Buddhism in Australia Conference
May 18, 2012
Joshua Guilar, Professor
This past February, I attended and presented a paper (co-written with MAPC student Karen Neudorf) at the Buddhism and Australia conference in Perth, Australia. In this blog, I give major appreciations. First, I would like to thank my hosts, the Estonian Nyingma conference holders, especially Buddhist Monk and conference leader Vello Vaartnou. He is the founder of the Estonian Buddhist Brotherhood that was founded in the former Soviet Union in 1982 (www.buddhismandaustralia.com).
We wrote a well-received article on Steve Jobs. Although attitudes vary by Buddhist Scholars as to whether Jobs was a practicing Buddhist of the Soto School of Zen Buddhism, I encourage you to read the article on Jobs by Karen and myself (http://www.buddhismandaustralia.com/index.php/en/articles/40-2012/116-steve-jobs-a-practicing-buddhist-an-entrepreneur-and-an-innovator-joshua-guilar-and-karen-neudorf.html). Please give other articles a read also.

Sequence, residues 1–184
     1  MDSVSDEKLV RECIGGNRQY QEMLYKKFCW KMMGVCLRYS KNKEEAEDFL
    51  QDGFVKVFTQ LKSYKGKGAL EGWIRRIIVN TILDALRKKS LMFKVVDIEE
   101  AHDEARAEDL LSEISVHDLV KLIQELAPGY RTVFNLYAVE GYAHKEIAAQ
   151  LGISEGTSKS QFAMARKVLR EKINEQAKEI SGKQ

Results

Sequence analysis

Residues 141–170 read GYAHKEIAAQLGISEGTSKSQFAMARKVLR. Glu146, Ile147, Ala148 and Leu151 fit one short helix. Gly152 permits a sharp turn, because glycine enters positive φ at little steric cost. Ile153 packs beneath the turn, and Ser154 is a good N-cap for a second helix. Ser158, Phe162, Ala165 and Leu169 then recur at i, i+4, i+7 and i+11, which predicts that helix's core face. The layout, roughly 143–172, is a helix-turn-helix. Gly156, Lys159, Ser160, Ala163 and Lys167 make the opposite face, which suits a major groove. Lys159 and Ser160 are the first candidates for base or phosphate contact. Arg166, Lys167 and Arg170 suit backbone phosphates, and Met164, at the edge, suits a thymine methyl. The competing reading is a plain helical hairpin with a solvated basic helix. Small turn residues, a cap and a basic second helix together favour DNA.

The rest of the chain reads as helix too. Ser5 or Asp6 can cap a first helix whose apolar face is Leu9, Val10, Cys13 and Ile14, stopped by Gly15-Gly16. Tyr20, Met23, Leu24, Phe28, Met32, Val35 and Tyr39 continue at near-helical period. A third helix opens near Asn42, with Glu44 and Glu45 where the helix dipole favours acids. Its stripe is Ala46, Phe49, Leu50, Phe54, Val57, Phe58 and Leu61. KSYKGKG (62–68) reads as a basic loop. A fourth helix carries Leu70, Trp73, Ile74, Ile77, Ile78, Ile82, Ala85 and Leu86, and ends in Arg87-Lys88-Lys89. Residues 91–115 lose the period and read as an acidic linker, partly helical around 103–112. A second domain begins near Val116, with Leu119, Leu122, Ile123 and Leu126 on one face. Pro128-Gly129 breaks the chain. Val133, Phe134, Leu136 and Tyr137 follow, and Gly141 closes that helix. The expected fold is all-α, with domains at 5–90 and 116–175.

I made many friends at the conference. One was Venerable Sayadej Vongsopha, a Buddhist Monk and Lecturer at the Sangha College in Vientiane, Laos. One small illustration of what differentiates a Buddhist Monk from many Westerners: After the Venerable Sayadej Vongsopha was finished explaining to us the use and effects of the Jataka tales in Laos (http://www.buddhismandaustralia.com/index.php/en/articles/40-2012/101-the-role-and-impact-of-vessantara-jtaka-in-the-lao-pdr-ven-sayadej-vongsopha.html), he was asked by what I took to be a well-heeled Australian gentleman in the audience, What have been the effects on the people in Laos to the communist government there? The Venerable Sayadej Vongsopha said there were none. Later I asked the Venerable about the extensive American bombing in Laos, especially the many unexploded bombs from the Vietnam war. He said in response to my question he did not know if there was a need to forgive (because that would indicate a sense of self held to be different by Buddhists?), and 2) the Americans had helped Laos since.
Food for thought and response . . .